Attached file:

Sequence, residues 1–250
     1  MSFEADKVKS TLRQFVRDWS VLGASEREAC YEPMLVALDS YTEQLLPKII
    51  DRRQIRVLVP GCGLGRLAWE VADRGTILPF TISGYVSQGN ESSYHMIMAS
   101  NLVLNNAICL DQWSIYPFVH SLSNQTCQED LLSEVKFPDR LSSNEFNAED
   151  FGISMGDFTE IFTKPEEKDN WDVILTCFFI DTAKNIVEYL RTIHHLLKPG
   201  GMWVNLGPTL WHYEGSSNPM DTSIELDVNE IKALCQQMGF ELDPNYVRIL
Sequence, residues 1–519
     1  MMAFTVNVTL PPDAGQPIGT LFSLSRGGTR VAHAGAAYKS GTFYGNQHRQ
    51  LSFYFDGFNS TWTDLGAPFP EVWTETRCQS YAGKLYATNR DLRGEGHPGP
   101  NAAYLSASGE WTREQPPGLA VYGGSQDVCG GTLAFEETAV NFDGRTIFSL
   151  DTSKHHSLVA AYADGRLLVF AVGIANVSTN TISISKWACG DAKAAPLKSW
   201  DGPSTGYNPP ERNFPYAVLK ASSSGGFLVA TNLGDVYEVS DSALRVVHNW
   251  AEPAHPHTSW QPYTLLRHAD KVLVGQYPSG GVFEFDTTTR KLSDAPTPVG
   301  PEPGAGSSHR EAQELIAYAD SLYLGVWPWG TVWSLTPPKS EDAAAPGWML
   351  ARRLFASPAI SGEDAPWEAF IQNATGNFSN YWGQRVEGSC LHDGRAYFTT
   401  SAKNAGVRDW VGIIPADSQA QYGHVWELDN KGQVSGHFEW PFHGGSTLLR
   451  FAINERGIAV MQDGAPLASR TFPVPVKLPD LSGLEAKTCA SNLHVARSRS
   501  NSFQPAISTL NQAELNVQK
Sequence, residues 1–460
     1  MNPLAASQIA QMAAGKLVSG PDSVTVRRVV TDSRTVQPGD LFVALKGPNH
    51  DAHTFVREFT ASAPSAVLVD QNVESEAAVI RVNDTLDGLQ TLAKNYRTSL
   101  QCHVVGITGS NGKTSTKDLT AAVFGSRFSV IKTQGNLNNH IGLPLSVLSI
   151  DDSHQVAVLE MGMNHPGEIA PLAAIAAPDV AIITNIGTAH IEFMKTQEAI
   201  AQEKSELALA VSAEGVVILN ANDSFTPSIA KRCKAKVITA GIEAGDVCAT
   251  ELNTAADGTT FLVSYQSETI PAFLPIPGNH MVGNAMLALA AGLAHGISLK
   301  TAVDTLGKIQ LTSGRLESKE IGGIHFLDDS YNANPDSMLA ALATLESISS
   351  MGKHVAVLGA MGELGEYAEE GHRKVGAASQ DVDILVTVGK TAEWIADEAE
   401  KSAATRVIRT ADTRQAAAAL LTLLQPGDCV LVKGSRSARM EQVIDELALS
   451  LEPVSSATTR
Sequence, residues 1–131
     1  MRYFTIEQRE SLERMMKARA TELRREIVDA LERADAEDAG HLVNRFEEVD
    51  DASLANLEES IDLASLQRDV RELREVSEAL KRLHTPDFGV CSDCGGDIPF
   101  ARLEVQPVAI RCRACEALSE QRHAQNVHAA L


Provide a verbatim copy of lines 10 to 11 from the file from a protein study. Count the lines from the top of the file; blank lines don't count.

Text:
   101  NAAYLSASGE WTREQPPGLA VYGGSQDVCG GTLAFEETAV NFDGRTIFSL
   151  DTSKHHSLVA AYADGRLLVF AVGIANVSTN TISISKWACG DAKAAPLKSW